Before we get into the details of how the American Health Care Act bill will proposed to change the current system, let’s first talk about what is not changing. In fact, while “repeal and replace” has a catchy ring to it, there is a lot that is staying the same. As Ezra Klein of Vox notes, Obamacare provisions that remain include:
- The ability to stay on your parents insurance until age 26
- Requiring insurers to cover pre-existing conditions
- A ban of insurers instituting both annual spending limits and lifetime limits
- Tax credits for health insurance remain (although the exact form and amount of the credit would change)
- Medicaid expansion will not be repealed and in fact stats that did not previously expand Medicaid can do so until 2020.
- All insurers must provide ten “essential health benefits”. These benefits include maternity care and preventive services.
So what did change?
- No more individual mandate…kind of. The individual mandate is gone. Under Obamacare, people who did not buy health insurance owed a tax penalty. Under the American Health Care Act, there is no tax penalty but individuals who’s insurance lapses can be charged a 30% premium over regular rates. A 30% premium rate hike sounds stiff. However, if you are sick and have cancer for instance, a 30% premium hike is small potatoes compared to the actual cost of treatment. On the other hand, for healthy people, a 30% rate increase may drive them away from having insurance. Thus, the non-mandate–even with the 30% penalty–may lead to a adverse selection death spiral whereby only sick people purchase insurance and premiums rise dramatically.
- No more employer mandate. Large and medium size employers no longer have to provide health insurance to their employees. Of course, they can do so if the choose to, but the repeal of the employer mandate is the clearest “repeal” of the Affordable Care Act provisions.
- Medicaid expansion ends in 2020…kind of. Sarah Kiff of Vox explains: “In 2020, enrollment in the Medicaid expansion will ‘freeze’ and states with no longer be able to sign new enrollees up for the program. Legislators expect that enrollment would slowly decline, as enrollees’ incomes change and they shift off the program.” Thus, the expansion is likely to die a slow death. That is, unless there is too much popular support for the Medicaid expansion by 2020. Michael Cannon of the Cato Institute writes: “By 2020, the constituency for preserving the Medicaid expansion would be much larger than it is now. More states, more voters, and more special interests will resist repealing the expansion than do today.”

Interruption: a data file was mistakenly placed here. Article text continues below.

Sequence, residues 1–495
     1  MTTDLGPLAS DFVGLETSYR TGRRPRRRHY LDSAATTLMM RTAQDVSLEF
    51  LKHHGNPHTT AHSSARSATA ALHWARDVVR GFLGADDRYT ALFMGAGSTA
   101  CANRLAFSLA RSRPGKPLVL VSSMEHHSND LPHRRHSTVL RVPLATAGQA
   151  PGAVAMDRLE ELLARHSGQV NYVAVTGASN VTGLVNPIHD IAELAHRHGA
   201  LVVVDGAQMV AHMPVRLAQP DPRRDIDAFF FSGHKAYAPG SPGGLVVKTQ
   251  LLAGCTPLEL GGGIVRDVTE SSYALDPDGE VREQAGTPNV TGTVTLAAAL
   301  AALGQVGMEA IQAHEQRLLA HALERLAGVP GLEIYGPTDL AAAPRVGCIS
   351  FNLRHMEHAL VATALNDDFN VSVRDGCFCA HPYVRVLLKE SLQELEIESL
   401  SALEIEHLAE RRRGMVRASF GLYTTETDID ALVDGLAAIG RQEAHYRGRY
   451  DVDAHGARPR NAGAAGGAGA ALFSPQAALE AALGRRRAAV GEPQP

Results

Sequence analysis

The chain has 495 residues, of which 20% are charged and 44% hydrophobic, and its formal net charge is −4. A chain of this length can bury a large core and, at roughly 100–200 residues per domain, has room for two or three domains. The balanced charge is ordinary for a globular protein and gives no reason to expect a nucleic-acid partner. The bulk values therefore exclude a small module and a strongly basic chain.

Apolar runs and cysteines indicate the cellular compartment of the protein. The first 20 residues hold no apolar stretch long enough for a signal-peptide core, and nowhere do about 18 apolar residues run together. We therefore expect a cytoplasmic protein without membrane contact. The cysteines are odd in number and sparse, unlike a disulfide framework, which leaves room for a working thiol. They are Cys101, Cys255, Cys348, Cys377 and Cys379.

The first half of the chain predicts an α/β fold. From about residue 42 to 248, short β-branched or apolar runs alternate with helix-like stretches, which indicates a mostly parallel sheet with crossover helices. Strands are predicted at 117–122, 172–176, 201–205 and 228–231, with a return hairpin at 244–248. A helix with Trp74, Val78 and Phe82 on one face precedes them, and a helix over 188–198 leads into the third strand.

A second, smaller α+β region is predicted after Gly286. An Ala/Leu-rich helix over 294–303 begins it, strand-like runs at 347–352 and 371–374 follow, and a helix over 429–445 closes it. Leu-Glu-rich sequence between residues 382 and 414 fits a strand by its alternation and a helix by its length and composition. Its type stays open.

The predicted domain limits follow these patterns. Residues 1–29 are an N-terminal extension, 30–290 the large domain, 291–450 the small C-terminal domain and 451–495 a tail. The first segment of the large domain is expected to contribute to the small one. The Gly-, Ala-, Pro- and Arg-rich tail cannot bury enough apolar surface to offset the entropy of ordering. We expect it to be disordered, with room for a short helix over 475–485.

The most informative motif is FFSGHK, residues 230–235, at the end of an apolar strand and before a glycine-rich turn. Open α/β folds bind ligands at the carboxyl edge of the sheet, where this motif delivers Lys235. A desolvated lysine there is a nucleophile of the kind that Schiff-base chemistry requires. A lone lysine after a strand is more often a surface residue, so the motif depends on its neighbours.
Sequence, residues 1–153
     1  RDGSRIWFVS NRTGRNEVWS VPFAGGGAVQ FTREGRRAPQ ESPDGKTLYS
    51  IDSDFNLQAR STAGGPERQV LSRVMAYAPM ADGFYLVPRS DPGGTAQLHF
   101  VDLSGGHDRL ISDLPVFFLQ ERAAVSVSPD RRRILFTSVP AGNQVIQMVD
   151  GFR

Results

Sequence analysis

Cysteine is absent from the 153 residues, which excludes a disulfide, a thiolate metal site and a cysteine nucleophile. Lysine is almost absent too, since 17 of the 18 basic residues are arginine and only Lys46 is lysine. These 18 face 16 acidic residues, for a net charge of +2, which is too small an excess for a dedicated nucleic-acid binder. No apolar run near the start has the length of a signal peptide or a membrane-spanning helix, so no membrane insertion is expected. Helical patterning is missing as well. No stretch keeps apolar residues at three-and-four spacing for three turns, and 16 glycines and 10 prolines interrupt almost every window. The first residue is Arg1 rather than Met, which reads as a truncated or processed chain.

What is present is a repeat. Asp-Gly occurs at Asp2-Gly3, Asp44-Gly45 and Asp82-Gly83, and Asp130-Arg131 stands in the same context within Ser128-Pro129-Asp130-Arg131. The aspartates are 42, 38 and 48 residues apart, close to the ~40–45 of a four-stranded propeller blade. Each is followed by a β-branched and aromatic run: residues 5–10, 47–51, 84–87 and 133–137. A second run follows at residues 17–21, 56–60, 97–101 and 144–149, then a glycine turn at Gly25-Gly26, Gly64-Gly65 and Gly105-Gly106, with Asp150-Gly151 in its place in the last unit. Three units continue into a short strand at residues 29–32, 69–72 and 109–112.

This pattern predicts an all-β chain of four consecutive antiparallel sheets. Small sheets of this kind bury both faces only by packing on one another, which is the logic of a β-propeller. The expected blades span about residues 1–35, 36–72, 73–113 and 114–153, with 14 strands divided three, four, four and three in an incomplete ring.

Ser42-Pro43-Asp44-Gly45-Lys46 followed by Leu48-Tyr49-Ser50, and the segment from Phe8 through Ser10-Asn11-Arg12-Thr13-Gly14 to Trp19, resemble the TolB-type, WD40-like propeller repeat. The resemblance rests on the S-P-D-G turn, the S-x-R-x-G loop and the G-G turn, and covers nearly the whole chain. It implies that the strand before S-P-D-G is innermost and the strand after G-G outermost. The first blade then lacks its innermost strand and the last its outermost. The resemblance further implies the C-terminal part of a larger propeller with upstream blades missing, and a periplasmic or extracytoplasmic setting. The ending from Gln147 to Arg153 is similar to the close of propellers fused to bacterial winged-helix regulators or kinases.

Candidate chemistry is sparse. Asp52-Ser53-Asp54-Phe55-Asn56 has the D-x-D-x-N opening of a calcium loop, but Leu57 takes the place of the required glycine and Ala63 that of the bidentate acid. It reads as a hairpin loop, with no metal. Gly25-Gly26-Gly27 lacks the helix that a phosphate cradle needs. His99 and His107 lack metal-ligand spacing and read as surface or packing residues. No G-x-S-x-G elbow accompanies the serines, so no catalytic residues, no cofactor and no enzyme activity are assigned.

- Tax credits are based on age and income rather than income alone. Kaiser Health News explains that “The GOP tax credits would be tied largely to age, with older people getting twice as much ($4,000 per year) as younger people ($2,000). ” Specifically, these credit rages are $2,000 for those under 30; $2,500 for those between 30 and 40; $3,000 for those between 40 and 50; $3,500 for those between 50 and 60 and $4,000 for those over 60. However, individuals (households) earning less than $75,000 ($150,000) would get the full $4,000 credit. Setting tax credits based on income (to increase progressively) and likely health care cost (i.e., age) is not unreasonable. However, using crude 10 year age bins
- Community rating remains but with more price variability. Under the ACA, health insurers could charge older individuals premiums that were three times the premium they charge charge younger individuals. Under AHCA, insurers would be able to charge older customers five times as much five times as much as younger ones and give states the option to set their own ratio.
Tomorrow, I will weigh in with my comments on the bill.